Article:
Articles | Volume 60, issue 3
08 Aug 2017
Review |  | 08 Aug 2017

Invited review: Further progress is needed in procedures for the biological evaluation of dietary protein quality in pig and poultry feeds

Frank Liebert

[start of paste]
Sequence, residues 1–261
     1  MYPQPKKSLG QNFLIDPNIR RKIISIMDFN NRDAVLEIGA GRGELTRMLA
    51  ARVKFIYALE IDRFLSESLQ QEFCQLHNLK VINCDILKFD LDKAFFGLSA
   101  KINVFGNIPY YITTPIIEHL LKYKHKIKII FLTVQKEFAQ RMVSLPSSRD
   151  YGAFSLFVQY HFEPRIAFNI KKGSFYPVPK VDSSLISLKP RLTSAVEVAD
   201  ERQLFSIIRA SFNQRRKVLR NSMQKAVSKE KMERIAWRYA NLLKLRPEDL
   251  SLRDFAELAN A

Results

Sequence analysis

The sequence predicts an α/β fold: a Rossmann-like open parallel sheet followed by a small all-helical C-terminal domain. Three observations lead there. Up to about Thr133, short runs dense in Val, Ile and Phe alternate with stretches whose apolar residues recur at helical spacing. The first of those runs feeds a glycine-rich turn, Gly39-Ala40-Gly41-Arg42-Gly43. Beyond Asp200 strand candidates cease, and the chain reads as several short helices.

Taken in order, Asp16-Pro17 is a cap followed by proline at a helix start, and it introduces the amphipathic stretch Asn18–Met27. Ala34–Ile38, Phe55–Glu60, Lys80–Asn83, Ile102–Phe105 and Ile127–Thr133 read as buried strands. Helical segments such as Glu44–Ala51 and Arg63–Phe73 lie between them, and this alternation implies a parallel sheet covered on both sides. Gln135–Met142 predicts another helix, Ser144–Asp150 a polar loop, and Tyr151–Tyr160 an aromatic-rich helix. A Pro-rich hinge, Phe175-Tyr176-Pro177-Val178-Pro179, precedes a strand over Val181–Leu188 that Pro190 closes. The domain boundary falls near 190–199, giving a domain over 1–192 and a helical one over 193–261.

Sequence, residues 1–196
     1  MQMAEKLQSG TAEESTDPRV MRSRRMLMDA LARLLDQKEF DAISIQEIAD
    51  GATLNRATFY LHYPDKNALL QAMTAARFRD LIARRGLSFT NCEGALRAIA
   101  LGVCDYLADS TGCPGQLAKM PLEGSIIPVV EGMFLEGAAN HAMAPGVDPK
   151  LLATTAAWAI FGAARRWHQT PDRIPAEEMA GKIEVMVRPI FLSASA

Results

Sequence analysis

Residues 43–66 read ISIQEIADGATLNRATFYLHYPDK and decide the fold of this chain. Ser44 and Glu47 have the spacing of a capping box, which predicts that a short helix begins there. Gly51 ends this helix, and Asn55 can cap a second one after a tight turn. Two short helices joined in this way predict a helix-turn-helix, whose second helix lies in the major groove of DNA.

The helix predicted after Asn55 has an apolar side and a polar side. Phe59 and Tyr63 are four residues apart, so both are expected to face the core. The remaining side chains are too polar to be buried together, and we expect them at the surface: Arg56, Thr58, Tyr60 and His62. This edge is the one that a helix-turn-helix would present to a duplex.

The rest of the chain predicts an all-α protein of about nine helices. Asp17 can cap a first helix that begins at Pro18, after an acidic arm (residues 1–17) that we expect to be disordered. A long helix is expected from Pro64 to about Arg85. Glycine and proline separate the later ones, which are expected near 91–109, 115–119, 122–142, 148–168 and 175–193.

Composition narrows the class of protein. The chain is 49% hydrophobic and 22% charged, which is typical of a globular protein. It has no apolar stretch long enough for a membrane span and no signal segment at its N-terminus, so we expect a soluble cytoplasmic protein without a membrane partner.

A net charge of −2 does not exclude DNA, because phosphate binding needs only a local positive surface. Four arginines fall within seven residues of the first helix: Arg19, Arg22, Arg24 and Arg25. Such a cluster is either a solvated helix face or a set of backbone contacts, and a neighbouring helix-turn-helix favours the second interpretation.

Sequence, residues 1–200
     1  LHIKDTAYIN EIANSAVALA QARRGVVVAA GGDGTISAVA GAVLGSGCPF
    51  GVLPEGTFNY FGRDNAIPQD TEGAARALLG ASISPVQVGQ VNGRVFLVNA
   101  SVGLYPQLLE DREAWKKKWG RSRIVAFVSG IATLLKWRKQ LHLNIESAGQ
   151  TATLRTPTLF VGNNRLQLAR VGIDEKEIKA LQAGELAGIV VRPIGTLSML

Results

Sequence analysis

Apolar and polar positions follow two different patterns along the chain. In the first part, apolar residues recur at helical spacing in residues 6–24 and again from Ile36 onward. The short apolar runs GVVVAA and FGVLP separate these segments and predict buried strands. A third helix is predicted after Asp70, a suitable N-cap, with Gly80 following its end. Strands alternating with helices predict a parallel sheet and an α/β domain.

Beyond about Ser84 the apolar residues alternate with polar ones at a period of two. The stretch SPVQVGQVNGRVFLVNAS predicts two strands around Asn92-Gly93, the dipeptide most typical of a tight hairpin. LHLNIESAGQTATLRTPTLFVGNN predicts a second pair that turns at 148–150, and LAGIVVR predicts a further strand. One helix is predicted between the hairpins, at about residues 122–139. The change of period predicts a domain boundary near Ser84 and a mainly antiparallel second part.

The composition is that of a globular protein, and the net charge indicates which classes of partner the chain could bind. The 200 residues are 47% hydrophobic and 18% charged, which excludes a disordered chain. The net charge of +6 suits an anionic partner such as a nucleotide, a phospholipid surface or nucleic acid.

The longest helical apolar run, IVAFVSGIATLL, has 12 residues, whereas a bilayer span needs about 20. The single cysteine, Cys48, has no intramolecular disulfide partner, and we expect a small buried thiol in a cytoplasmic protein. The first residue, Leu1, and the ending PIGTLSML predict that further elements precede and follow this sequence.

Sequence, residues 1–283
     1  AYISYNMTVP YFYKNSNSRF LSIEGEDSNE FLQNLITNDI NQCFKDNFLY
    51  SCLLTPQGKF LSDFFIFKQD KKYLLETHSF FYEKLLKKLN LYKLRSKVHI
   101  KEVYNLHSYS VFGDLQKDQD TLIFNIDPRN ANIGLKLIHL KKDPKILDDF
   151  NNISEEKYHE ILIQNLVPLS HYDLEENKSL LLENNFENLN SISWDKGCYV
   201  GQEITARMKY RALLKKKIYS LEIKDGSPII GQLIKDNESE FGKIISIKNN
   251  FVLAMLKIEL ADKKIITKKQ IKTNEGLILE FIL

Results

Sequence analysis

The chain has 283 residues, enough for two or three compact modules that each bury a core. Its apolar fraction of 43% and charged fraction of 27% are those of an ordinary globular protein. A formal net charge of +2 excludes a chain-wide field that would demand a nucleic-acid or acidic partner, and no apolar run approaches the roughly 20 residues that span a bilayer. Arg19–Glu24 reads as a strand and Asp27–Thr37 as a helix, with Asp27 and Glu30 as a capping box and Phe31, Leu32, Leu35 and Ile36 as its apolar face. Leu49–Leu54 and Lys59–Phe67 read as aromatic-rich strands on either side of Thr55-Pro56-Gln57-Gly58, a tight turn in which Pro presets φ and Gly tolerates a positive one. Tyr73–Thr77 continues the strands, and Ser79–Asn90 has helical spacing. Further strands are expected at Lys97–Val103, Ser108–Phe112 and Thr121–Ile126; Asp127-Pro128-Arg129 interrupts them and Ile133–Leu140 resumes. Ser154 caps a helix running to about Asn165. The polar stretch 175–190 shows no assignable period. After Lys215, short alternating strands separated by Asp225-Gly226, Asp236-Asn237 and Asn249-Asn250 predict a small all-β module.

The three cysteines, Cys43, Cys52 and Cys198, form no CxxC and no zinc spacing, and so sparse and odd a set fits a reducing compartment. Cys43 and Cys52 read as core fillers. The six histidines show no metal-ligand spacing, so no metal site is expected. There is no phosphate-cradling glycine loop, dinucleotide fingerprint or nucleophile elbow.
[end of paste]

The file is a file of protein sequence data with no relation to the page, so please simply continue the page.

Abstract. Recently, biological procedures for feed protein evaluation in pig and poultry diets have been based on the amino acid composition of feed ingredients considering the animal's losses during processes of digestion or total protein utilization in a different manner. Such a development towards individual amino acids (AAs) was inevitable according to the disadvantage of traditional protein quality measures, like biological value (BV) or net protein utilization (NPU), to be non-additive in complex animal diets. In consequence, such measures are generally not suitable for predicting the final protein quality of protein mixtures from the individual protein value of feed ingredients. Otherwise, recent measures of AA disappearance from the small intestine up to the end of the ileum (ileal AA digestibility) also do not provide a true reflection of the biological availability of individual feed AAs independent of the extent of taking into account endogenous AA losses during digestion processes. Sophisticated procedures for protein evaluation are needed considering the AA losses, both during absorption and utilization after absorption. Advantages and limitations of important developments in procedures are discussed. Accordingly, the development of an exponential modelling approach is described (the Göttingen approach), which overcomes some of the traditional disadvantages by measuring the individual AA efficiency. Connecting feed protein evaluation, the modelling of quantitative AA requirements, and improved ideal protein concepts offers different fields of application. In addition, as demonstrated by example, the modelling of nitrogen losses per unit protein deposition and the minimizing of this parameter yields a further interesting tool for lowering the nitrogen burden from protein utilization processes. Finally, it is pointed out that traditional laboratory procedures also need to be updated, adapted to current knowledge, and validated according to the increasing hurdles for animal studies from the viewpoint of animal welfare. Modelling is a procedure with the potential to reduce the number of experimental animals significantly. This development needs more attention, higher acceptance, and wider application in the future of protein evaluation.